MADISON, Wis. (AP) -- The nearly month-long standoff in the Wisconsin Legislature over explosive union rights legislation rocketed toward a dramatic finish Thursday after Senate Republicans outmaneuvered their missing Democratic counterparts and pushed through the bill.
The dramatic turn of events late Wednesday set up a perfunctory vote Thursday morning in the Assembly on the measure that would strip nearly all collective bargaining rights from most public workers. Once the bill passes the Assembly, it heads to Republican Gov. Scott Walker for his signature.
Within hours after the Senate passed the bill, a crowd of hundreds of protesters grew to about 7,000 in the Capitol, a crowd as large as any seen inside the building over three weeks of demonstrations.
"The whole world is watching!" protesters shouted as they pressed up against the heavily guarded entrance to the Senate chamber.SOURCE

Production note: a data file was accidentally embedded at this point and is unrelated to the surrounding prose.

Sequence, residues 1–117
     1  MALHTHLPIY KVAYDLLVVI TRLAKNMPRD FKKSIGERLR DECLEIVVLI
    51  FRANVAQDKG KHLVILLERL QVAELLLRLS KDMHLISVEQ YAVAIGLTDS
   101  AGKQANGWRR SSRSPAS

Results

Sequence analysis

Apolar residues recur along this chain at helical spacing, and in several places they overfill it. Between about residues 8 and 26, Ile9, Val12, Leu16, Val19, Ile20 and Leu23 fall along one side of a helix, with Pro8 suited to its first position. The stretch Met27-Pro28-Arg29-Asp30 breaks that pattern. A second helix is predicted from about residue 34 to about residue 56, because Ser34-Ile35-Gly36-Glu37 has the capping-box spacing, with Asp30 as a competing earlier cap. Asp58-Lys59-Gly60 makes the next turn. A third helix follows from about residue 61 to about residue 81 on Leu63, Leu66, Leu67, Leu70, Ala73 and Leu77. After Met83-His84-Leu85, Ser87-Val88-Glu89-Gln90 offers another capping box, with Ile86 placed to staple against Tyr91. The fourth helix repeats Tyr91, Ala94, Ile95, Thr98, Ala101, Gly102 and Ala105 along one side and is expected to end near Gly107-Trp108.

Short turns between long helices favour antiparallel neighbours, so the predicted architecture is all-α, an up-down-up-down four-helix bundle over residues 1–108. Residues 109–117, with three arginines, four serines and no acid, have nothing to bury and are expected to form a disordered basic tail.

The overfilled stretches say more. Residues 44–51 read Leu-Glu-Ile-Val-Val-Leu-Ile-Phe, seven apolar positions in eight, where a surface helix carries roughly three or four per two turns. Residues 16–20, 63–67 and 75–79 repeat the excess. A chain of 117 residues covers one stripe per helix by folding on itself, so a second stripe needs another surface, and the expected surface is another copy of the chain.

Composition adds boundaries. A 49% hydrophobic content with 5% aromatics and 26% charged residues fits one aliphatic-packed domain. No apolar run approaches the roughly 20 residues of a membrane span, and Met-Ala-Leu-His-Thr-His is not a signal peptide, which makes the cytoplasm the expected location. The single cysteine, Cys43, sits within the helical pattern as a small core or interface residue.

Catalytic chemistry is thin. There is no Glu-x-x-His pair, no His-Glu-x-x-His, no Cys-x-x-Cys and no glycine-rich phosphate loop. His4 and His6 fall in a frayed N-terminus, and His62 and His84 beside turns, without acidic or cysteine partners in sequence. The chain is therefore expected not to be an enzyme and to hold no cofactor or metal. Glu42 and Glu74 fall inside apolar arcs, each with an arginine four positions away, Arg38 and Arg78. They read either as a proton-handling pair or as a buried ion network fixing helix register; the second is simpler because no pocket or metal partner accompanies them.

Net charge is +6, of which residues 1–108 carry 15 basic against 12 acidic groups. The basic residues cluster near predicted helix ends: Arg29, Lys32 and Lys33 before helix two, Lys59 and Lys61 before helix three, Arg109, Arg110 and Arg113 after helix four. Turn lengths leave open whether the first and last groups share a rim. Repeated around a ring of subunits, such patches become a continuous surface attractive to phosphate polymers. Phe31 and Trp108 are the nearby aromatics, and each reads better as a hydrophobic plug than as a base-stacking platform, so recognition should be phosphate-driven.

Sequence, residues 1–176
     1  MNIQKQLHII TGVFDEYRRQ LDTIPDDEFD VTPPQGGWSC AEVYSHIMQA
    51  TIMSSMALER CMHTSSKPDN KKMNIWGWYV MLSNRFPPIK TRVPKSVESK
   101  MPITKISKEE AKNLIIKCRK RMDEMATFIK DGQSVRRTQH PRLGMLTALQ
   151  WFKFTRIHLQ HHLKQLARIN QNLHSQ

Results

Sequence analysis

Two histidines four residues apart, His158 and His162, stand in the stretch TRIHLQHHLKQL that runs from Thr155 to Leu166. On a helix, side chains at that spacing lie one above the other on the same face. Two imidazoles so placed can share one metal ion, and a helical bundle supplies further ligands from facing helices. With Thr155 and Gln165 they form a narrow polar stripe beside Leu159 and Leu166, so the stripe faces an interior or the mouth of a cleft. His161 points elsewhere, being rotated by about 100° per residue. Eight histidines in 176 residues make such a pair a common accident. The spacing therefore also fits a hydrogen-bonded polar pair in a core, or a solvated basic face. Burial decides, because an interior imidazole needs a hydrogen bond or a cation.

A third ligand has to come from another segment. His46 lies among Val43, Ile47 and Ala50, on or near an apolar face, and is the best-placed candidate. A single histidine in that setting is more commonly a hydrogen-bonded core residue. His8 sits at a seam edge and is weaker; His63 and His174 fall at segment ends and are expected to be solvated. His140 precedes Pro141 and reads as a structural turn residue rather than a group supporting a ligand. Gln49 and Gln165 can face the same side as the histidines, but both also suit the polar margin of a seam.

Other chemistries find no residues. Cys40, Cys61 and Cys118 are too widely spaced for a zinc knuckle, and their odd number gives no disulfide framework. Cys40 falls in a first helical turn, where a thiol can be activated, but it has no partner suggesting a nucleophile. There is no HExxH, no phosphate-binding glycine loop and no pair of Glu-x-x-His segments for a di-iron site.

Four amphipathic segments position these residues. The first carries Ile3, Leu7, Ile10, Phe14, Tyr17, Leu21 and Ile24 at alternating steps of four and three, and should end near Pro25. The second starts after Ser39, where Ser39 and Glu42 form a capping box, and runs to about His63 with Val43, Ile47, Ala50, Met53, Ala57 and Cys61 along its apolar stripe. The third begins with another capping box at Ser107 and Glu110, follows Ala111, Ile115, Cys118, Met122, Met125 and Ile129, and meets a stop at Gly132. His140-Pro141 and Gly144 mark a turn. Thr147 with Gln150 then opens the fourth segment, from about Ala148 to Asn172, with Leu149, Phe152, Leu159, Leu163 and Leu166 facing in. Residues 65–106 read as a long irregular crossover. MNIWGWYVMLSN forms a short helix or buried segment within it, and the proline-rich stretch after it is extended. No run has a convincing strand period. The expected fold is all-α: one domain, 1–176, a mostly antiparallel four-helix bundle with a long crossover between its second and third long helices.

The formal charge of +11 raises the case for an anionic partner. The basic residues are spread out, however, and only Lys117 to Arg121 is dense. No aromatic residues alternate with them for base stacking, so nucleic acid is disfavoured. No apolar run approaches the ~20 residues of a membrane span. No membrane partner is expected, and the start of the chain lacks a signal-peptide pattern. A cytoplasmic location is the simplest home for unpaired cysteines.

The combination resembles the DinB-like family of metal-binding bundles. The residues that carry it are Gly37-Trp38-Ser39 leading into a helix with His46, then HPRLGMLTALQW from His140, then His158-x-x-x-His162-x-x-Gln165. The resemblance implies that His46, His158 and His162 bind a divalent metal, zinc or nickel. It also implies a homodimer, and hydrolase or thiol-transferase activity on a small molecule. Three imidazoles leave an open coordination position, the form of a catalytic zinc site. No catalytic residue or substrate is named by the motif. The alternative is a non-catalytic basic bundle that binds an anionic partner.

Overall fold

The battle lines are slowly being drawn. After the massive Wall Street bailouts of 2008, and the resumption of Wall Street record bonuses, many government workers have now found a moral basis for arguing in their interests. If Wall Street fatcats can have free money and undue government influence, why can't government unions have the same? That is a tough argument to beat.
Personally, I have always been a private sector employee, and I have had my own businesses in the past. I have skin in the game. I take losses and profits - something that Wall Street Bankers and Government Union workers don't know anything about. I pay my own health insurance, save for my own retirement. Government has given me nothing. I pay government. Government costs me, and in return, I get no bailouts, no health insurance, no guaranteed pension.
I'm the average guy that has received nothing. But you know what? At this point - I really don't care anymore. It's a clusterfuck. Everyone is fighting for the last few crumbs of a broken system that is ready to implode. There will be societal, political, and economic ramifications to this crisis. I am in Greece right now and I have been to Athens and have seen what demonstrations can look like.
The conflict is brewing.